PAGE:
Brad Pitt Just Talked Publicly About His Divorce for the First Time

He says his family has been "ripped apart."

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Brad Pitt is finally opening up about the past six months in a new interview with GQ Style. When it comes to his messy, public divorce from Angelina Jolie, Pitt says he's committed to accepting his responsibility in the situation and focusing on keeping the peace.

"I see where the one spouse literally can't tell their own part in it, and is still competing with the other in some way and wants to destroy them and needs vindication by destruction, and just wasting years on that hatred," he said. "I don't want to live that way."

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Still, he admits that the last six months have been rough—especially when he was being investigated by Child Services (the investigation ended with him eventually cleared of all child abuse allegations).

"I was really on my back and chained to a system when Child Services was called. And you know, after that, we've been able to work together to sort this out," he said of how he and Jolie are handling things now. "We're both doing our best."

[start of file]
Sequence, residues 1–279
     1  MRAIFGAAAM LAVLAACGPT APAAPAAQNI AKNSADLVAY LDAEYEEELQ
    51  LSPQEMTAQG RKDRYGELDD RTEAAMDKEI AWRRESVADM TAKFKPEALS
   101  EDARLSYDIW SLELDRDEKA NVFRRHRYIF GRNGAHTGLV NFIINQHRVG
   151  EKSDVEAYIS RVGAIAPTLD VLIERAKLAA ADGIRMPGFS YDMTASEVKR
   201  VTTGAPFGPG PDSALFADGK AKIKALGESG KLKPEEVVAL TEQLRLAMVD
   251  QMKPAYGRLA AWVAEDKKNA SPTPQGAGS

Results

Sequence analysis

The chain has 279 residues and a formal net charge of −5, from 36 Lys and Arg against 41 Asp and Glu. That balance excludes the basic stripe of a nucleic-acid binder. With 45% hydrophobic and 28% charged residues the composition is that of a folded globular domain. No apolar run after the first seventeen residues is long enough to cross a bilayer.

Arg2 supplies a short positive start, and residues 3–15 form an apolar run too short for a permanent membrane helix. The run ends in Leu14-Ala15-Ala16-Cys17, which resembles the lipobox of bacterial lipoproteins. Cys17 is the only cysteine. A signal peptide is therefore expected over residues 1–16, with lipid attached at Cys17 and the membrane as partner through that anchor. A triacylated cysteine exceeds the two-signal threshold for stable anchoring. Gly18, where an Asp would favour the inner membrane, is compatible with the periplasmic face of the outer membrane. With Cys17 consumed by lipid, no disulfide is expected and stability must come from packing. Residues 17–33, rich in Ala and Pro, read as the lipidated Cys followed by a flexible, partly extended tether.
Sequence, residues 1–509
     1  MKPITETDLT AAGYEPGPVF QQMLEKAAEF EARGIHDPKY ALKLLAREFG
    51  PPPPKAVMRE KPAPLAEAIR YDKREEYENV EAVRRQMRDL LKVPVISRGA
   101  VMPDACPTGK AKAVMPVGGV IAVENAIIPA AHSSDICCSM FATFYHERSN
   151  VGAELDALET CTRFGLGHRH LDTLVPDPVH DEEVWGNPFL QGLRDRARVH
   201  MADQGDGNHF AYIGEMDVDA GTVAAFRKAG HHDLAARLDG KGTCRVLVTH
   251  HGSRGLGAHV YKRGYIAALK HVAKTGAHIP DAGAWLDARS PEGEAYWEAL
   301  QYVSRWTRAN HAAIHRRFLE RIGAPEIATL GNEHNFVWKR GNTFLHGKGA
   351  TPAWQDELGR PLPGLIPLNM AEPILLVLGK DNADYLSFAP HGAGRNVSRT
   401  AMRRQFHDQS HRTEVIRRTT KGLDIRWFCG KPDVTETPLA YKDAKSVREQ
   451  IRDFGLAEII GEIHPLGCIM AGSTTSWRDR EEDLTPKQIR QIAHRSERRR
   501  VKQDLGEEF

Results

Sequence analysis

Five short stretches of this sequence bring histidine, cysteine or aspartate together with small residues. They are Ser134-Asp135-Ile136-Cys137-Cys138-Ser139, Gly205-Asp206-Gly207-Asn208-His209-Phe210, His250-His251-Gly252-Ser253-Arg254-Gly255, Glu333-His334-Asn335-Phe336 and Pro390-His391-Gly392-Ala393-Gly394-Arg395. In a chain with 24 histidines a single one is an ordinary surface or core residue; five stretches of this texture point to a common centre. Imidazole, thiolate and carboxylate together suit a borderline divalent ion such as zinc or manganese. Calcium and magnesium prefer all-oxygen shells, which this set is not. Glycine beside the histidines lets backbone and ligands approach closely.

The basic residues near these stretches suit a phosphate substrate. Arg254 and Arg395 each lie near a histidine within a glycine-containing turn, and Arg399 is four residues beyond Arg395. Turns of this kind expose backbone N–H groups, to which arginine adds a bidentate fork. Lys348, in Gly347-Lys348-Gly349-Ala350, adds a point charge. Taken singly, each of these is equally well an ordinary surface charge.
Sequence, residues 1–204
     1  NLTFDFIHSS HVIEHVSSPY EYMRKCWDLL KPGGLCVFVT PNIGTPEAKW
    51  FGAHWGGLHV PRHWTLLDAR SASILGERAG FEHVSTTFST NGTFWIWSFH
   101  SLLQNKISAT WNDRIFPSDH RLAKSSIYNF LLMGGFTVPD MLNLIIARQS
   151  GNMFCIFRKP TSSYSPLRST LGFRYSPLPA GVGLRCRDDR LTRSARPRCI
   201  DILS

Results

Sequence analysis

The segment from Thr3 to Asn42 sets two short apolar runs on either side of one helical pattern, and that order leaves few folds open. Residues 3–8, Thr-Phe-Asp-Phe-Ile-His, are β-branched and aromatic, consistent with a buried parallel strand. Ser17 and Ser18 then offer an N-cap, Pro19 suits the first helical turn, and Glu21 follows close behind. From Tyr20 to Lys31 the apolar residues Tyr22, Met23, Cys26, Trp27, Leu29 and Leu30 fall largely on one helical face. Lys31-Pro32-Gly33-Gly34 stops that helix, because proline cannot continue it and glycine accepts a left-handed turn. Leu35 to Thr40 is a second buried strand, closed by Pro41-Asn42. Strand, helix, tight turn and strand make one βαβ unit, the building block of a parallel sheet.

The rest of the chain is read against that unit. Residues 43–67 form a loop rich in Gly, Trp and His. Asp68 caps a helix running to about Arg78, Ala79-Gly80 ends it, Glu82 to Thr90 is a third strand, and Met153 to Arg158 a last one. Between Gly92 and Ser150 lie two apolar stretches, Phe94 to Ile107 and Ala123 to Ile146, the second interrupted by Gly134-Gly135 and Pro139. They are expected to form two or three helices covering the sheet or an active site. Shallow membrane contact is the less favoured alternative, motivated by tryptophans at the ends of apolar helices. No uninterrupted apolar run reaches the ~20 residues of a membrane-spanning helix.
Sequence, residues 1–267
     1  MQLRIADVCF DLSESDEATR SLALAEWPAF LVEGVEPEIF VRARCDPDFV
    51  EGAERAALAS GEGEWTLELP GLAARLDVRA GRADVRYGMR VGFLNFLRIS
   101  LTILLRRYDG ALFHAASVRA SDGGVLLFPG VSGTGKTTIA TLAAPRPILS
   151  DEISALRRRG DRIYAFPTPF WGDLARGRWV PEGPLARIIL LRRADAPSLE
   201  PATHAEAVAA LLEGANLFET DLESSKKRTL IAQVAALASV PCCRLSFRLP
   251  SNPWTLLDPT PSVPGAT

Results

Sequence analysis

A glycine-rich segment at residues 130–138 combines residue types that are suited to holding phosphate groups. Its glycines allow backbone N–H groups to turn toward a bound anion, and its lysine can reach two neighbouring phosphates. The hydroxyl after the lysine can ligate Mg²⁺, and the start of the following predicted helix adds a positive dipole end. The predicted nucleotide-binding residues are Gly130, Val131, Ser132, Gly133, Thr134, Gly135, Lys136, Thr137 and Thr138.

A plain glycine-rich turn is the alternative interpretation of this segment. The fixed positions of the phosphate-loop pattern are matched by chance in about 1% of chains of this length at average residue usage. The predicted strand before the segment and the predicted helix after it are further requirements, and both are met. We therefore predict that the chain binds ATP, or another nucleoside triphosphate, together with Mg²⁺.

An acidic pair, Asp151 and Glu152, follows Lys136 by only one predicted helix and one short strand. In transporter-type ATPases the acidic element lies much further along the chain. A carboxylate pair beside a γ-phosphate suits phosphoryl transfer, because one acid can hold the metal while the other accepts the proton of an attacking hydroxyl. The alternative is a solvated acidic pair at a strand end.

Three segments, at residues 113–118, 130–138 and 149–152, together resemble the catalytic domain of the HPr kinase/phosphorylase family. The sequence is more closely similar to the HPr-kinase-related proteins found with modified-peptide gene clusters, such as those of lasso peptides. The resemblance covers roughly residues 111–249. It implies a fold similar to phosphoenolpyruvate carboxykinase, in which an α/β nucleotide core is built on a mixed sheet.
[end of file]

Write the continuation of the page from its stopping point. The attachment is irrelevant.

Pitt and Jolie would like to avoid court, he says.

"I heard one lawyer say, 'No one wins in court—it's just a matter of who gets hurt worse.' And it seems to be true, you spend a year just focused on building a case to prove your point and why you're right and why they're wrong, and it's just an investment in vitriolic hatred. I just refuse," he said. "And fortunately my partner in this agrees. It's just very, very jarring for the kids, to suddenly have their family ripped apart."

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Pitt also opened up to GQ about other changes he's been through this year, like giving up alcohol, which he felt had become a problem for him.

"I enjoy wine very, very much, but I just ran it to the ground," he explained. "I had to step away for a minute. And truthfully I could drink a Russian under the table with his own vodka. I was a professional. I was good."

As for what he's focused on now: Family, plain and simple.

"Family first. People on their deathbeds don't talk about what they obtained or were awarded. They talk about their loved ones or their regrets—that seems to be the menu. I say that as someone who's let the work take me away," he said. "Kids are so delicate. They absorb everything. They need to have their hand held and things explained. They need to be listened to. When I get in that busy work mode, I'm not hearing. I want to be better at that."

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